Are company profits really primed to keep climbing?

The earnings recession is a memory, and corporate profits are poised to keep advancing. Right? That's the Wall Street consensus. But a case can be made that the earnings turnaround won't be as robust or as lasting as this widely held viewpoint suggests.

"Profits will plateau this year, and some disappointments are coming" in particular companies' performances, said David Levy, chairman of the Jerome Levy Forecasting Center, a leading voice for the pessimistic side.

His assessment clashes with what most analysts project after first-quarter 2017 earnings for the S&P 500 rose 13.6 percent, according to FactSet research -- the best showing since the fourth quarter of 2011. 

For the second quarter, which winds up in 10 days, FactSet estimates earnings will rise 6.5 percent, not as exuberantly as in the first period, though a solid showing. Many analysts expect the balance of the year will bring similar good tidings. FactSet calculates its consensus as 7.5 percent growth for the third quarter and 12.4 percent for the fourth, for a full-year profit increase of 9.9 percent.

For ordinary investors, the reason this matters is that the stock market often follows earnings trends. If earnings are declining, the market tends to slide as well. During the earnings recession, which ran for most of 2015 through mid-2016, the S&P 500 was flat. The worst of it, from a profits perspective, was in 2016's first period, when earnings dipped around 7 percent.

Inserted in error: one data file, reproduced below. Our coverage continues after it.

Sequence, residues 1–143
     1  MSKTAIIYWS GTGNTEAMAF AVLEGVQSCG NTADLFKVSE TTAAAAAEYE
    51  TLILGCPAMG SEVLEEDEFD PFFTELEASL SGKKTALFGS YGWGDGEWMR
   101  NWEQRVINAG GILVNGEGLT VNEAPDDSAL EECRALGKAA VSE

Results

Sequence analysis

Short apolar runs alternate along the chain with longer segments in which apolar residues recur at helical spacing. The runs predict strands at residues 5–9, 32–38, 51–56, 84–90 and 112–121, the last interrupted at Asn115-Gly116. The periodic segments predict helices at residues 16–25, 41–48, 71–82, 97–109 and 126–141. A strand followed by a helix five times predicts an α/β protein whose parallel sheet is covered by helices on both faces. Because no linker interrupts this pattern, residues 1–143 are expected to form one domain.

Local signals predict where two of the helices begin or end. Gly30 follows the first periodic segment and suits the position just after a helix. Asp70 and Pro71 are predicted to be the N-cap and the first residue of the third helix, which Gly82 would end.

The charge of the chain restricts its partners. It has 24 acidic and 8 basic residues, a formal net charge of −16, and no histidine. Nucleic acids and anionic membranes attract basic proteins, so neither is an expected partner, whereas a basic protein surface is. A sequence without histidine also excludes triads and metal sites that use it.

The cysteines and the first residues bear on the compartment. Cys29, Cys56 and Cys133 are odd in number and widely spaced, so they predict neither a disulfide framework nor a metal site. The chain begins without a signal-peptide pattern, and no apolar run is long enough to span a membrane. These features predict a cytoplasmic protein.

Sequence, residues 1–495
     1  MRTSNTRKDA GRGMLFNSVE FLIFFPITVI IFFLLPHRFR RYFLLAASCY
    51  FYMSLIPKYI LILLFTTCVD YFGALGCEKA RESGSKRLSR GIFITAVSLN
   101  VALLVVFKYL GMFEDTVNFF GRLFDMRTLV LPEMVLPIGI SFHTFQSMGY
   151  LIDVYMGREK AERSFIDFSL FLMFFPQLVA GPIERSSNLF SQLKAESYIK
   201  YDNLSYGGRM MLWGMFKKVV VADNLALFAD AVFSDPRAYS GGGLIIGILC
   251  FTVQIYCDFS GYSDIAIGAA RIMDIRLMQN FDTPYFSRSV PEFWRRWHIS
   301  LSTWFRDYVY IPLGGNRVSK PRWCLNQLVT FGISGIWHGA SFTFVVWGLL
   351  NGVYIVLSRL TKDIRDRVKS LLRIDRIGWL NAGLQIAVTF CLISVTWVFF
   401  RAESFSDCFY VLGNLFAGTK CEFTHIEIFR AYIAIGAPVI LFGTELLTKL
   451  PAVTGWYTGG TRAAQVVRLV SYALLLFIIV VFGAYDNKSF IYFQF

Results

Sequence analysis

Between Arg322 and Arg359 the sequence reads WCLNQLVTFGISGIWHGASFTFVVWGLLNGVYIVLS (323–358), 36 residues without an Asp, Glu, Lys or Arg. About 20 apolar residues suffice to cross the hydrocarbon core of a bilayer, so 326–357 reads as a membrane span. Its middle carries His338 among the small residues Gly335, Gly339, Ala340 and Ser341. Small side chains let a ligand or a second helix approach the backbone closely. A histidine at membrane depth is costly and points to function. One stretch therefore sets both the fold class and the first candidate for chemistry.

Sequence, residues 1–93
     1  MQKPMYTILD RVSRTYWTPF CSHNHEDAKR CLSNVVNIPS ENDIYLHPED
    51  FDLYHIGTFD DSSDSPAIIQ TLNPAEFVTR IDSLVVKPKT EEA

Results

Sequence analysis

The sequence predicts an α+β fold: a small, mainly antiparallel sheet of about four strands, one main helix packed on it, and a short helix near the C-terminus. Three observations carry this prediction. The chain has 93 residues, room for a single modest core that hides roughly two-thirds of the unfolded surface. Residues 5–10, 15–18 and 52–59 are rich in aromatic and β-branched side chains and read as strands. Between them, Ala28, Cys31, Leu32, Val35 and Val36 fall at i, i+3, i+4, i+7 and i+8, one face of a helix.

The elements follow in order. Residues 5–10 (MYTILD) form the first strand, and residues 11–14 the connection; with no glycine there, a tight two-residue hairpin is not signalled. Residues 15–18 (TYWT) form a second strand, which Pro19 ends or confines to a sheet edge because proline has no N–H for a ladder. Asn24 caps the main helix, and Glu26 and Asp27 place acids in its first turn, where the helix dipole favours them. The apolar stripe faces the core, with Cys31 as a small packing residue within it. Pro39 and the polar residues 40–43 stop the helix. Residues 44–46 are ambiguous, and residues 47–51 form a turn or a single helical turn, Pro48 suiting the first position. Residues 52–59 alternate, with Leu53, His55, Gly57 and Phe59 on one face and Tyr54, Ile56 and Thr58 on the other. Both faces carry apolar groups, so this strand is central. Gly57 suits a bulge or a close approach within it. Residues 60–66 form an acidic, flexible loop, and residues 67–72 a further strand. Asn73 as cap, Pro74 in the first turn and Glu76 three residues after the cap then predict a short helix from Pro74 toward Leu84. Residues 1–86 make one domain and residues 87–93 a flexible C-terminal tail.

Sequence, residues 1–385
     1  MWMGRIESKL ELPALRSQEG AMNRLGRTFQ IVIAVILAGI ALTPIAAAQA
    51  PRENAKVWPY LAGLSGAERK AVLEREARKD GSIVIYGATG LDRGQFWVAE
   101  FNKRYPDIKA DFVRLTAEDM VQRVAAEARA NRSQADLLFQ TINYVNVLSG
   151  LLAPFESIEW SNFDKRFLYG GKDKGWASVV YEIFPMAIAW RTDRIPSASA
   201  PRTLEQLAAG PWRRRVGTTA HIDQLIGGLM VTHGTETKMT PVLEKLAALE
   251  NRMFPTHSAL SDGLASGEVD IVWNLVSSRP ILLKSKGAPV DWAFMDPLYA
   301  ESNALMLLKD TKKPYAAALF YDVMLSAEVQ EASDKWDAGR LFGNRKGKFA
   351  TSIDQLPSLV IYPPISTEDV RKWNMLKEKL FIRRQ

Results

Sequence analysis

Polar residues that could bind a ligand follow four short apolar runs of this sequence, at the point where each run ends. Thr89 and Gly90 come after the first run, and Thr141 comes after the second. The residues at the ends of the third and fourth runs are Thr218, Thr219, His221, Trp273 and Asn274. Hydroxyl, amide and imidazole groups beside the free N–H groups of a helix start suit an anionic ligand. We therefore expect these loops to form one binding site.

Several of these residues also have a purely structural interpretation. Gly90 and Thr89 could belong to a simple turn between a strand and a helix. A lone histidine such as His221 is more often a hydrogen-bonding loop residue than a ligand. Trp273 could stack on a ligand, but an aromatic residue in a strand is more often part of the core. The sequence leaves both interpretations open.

That slump, which interrupted an erratic, but generally positive, upward post-recession trend, mainly stemmed from a dizzying fall in oil prices. Thanks to a surge in U.S. fracking and Saudi Arabia's campaign to preserve its market share no matter what, an oil glut occurred. 

This sent oil sliding from $110 per barrel in 2014 to $26 a year later. The damage spread far beyond the oil fields, into industries that service and finance energy. Overall, it produced five consecutive negative quarters for profits.

Then the major oil producers, particularly Saudi Arabia, reversed their policy of flooding the market with crude, and oil began to climb again. So last year's final two quarters were in the black, and in 2017's first quarter, earnings for the S&P 500 had that best showing since 2011's final quarter. 

The rosy profit estimates of most analysts rest on low unemployment and wages that finally are going up. On the other end of the expectations spectrum, economist Levy doesn't believe the economy is heading into a recession, but simply that the improving earnings picture is about to be tarnished somewhat. His reasoning for that conclusion:

  1. While corporate profit margins are at 9.4 percent, they don't look so good when compared to stock prices. This metric, called return on equity, is down to 4.3 percent recently, from 8.3 percent in 2011, a signal that profits are not keeping pace with record-setting stock prices.  
  2. Inventory expansion, designed to meet rising consumer demand, has given indications it's starting to slow, a signal that businesses expect consumer spending might ebb.